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It is very important to maintain active and mixed microorganisms in a biological wastewater treatment system because it influences the successful working of the biological treatment process (Dara, 1993). In rotating biological filter and trickling filter, microbes are found attached to certain types of medium that support their growth, and in activated sludge process and anaerobic digestion, they are found as suspended growth (Cohen, 2000). Microbes utilize the organic waste matter as then- food resource, which helps them in the synthesis of new' cell material, and the degradation of certain organic matter to more simpler compounds provides energy for synthesis and functioning of cell maintenance (Waites et al., 2001). Biological growth includes both the processes of biodegradation and cell synthesis. Biological growth is influenced by environmental factors like the presence of toxic agents, pH, temperature, and mixing intensity (Grady et ah, 2011). The deficiency of these factors will affect the biological growth, which leads to the inefficiency of the process. In order to maximize the process efficiency, all the operational conditions should be maintained constant (Grady et ah, 2011). Wastewater treatment using microorganisms are influenced by factors like pH and alkalinity, temperature, nutrient availability and oxygen demand (Gerardi, 2006; Fulekar, 2010) 7 7.7.7 pH AND ALKALINITY

Microbes used for wastewater treatment require optimum pH for proper growth, and most of them prefer pH value of 6 to 9 (Fulekar, 2010). If the pH value becomes less than 6 then it will affect the enzymatic activity (reduction), hydrogen sulfide production (increase), formation of floe and uncontrollable growth of certain other microorganisms. When pH value exceeds 9, it affects enzyme activity, ammonia production, nitrification process, and formation of floe. The pH regulates the degree of substrate ionization, waste, and nutrients. Substrate utilization and waste production by microbes cause a change in the pH of the biological treatment plant, which in him affects the ability of microbes to treat wastewater (Gerardi, 2006). Alkalinity acts as a buffer to maintain the pH at a normal level. Urea, protein, and carbonates of calcium and sodium are the source of alkalinity. When acids are produced as a result of metabolism by the microbes, alkalinity prevents the sudden change in pH (Fulekar, 2010).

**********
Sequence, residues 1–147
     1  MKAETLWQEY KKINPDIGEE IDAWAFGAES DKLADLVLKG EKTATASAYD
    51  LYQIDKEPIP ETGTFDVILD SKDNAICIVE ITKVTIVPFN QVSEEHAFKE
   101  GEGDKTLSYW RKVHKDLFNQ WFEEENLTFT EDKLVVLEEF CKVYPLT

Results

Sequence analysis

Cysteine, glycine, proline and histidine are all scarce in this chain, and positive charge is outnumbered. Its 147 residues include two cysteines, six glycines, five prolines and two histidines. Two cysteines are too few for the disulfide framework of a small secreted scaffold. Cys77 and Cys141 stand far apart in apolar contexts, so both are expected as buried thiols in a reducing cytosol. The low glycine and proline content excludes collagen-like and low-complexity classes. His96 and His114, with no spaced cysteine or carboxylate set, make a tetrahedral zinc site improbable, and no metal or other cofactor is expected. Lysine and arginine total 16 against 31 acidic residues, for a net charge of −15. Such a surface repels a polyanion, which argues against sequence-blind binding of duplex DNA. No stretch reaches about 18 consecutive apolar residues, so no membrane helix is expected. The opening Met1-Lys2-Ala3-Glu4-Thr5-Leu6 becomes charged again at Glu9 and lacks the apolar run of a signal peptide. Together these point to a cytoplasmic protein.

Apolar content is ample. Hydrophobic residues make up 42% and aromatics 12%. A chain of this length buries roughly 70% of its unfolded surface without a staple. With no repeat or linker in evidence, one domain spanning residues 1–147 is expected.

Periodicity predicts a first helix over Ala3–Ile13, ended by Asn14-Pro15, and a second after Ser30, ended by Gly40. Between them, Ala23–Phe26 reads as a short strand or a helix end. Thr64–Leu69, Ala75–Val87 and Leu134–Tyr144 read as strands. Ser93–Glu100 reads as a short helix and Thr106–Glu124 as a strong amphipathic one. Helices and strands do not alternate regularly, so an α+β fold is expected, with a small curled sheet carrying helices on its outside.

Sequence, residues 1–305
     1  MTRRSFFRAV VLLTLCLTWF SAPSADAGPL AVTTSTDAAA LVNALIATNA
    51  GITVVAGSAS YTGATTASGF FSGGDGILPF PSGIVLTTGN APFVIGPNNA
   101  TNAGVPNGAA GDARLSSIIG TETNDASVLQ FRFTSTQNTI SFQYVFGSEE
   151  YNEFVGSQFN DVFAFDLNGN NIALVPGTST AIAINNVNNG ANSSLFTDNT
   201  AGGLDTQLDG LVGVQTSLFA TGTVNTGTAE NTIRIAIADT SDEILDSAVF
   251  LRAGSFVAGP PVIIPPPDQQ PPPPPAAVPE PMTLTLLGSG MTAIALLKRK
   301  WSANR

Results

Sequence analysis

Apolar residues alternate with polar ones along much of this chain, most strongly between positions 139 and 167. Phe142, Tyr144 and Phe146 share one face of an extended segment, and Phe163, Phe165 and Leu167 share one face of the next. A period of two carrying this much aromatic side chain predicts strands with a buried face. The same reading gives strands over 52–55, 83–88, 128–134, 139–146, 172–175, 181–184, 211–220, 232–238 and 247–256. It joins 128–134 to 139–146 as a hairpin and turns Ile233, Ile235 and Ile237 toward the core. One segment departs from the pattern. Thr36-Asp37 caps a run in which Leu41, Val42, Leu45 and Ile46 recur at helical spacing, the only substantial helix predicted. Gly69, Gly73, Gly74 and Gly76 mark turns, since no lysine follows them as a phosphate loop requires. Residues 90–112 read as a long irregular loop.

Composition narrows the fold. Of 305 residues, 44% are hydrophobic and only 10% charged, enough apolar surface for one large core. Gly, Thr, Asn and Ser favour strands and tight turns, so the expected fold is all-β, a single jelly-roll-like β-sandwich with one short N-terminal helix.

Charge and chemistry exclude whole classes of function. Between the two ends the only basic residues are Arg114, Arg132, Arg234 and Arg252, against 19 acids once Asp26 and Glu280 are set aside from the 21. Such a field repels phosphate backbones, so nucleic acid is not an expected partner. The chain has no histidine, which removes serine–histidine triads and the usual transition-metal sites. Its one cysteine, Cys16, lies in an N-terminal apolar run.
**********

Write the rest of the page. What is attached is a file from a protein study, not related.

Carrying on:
Enzymatic activity, substrate, and nutrient diffusion into cells of microbes are related to temperature change. These processes increase with an increase in temperature. If the temperature is very high, it will result in the denaturation of an enzyme that is related to the catalysis of biochemical reactions (Gerardi, 2006). Psychrophilic microbes prefer less tempera- hire (15-20°C) for their growth compared to thermophilic and mesophilic microbes (Russell and Fukunaga, 1990; D’Amico et al., 2006; Gerardi, 2006; Fulekar, 2010), thermophilic bacteria prefer high-temperature range between 45-65°C (Russell and Fukunaga, 1990; Gerardi, 2006) and mesophilic prefer a temperature range of 25-45°C (Bergey, 2014). If the temperature goes beyond 45°C, it will cause the death of mesophilic microbes, which results in the growth of thermophilic microbes.


Macronutrients such as magnesium, calcium, potassium, sulfur, phosphorus, nitrogen, and micronutrients such as cobalt, chromium, zinc, manganese, copper, iron, and boron are essential for the growth of microbes because they promote the growth and helps in enzyme synthesis which is responsible for biochemical reactions. Phosphorus and nitrogen play an important role in the synthesis of cell mass (Fulekar, 2010). Nitrogen helps to breakdown the carbonaceous substrates (Bergey, 2014). Another important nutrient is carbon, which is an important component of carbohydrates, proteins, and lipids that promotes cell growth of the microbes (Mara and Horan, 2003).